ANCHORAGE, Alaska (AP) – Three conservation groups have reached a partial settlement with the federal government on polar bear habitat that could add restrictions to future petroleum exploration or drilling off Alaska’s coast.

The agreement filed Monday sets deadlines for the Interior Department secretary to designate “critical habitat” for polar bears.

Such a designation prohibits federal agencies from taking actions that may “adversely modify” critical habitat that could interfere with polar bear recovery.

Those actions might include offshore petroleum exploration or drilling, said Kassie Siegel, an attorney for the Center for Biological Diversity.

A spokesman for the U.S. Fish and Wildlife Service in Anchorage had no immediately comment on the settlement filed in U.S. District Court in Oakland, Calif.

The lawsuit was filed in March after Interior Secretary Dirk Kempthorne missed the deadline for declaring polar bears threatened or endangered under the Endangered Species Act.

Kempthorne declared them “threatened,” or “likely to become endangered,” on May 14, citing polar bears’ need for sea ice, the dramatic loss of sea ice in recent decades and computer models that suggest sea ice is likely to further recede in the future.

Siegel said in most cases, critical habitat is supposed to be designated at the same time a species is listed as threatened or endangered. Her group, the Natural Resources Defense Council and Greenpeace sued to force a designation.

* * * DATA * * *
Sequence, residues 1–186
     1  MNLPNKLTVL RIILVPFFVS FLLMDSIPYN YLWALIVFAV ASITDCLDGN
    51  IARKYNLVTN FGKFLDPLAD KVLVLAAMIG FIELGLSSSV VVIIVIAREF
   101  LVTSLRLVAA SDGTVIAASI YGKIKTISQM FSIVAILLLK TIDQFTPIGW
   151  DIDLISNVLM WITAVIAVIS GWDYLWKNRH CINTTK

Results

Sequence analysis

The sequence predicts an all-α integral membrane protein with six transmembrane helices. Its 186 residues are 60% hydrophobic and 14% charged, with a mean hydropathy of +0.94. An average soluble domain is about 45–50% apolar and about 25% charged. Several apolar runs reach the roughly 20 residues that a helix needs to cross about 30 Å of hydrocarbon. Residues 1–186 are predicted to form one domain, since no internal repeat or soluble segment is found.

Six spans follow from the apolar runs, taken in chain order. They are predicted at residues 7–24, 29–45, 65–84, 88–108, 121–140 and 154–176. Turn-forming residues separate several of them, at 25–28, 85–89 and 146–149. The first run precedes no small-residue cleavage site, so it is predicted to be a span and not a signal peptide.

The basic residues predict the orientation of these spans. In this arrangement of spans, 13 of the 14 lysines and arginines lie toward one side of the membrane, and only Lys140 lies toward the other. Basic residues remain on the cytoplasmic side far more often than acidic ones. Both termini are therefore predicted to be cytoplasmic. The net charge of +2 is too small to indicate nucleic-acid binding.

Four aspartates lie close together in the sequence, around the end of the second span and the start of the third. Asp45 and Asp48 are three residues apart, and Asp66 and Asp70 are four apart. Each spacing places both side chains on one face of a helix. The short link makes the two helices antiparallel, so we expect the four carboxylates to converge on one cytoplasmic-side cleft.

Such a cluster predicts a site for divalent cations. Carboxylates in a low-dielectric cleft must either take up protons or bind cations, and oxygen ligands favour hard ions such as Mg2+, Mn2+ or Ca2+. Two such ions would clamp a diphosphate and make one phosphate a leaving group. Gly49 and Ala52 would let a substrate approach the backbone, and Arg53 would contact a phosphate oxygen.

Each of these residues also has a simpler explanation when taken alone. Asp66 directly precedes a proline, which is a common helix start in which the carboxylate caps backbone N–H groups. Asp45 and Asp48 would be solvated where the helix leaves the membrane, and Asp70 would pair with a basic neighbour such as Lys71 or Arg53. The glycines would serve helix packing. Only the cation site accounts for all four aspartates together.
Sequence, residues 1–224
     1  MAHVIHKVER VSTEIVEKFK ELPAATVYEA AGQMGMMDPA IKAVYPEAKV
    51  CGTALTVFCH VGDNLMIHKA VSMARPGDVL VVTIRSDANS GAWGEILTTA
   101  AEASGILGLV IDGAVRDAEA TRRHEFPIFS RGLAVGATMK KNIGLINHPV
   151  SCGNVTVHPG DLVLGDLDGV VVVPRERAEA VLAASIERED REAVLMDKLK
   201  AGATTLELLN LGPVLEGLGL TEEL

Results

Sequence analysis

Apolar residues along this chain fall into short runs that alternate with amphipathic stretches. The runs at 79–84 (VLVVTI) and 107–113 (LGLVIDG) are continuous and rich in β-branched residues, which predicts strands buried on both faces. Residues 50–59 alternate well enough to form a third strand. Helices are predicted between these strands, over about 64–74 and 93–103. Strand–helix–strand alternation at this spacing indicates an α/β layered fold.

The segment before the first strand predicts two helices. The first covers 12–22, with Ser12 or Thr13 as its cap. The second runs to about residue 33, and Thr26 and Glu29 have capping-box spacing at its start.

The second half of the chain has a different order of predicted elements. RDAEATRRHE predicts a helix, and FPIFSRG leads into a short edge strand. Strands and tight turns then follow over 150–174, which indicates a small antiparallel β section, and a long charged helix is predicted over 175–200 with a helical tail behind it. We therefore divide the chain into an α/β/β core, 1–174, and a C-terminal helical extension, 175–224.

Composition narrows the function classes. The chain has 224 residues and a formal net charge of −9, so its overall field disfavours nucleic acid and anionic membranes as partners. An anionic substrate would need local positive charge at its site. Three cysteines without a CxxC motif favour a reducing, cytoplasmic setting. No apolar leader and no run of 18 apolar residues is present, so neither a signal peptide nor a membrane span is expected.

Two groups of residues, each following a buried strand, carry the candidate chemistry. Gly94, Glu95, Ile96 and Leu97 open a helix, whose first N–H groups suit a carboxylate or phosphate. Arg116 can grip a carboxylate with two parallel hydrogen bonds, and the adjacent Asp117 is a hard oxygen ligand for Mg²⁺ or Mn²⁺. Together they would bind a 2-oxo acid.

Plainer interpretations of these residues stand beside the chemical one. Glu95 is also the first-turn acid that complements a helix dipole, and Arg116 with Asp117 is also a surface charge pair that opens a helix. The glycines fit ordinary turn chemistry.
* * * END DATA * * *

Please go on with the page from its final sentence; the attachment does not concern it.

Under the settlement, a proposed critical habitat rule will be issued next year, and will be subject to public comment and public hearings, Siegel said.

The agreement sets a deadline of June 30, 2010, for a final rule designating critical habitat for the polar bear.

According to the groups, the settlement Monday does not address their claim that Kempthorne violated the Endangered Species Act by listing the polar bear as “threatened” rather than “endangered.”

They also claim he violated the law by issuing a special rule exempting polar bears from protections otherwise provided by the Endangered Species Act.

The groups said the case is expected to be heard early next year in federal district court in Oakland.

Five separate lawsuits have been filed in Washington, D.C., to overturn the listing of polar bears as threatened.

One was filed by the state of Alaska on orders of Gov. Sarah Palin, the Republican vice presidential candidate.

AP-ES-10-06-08 1744EDT

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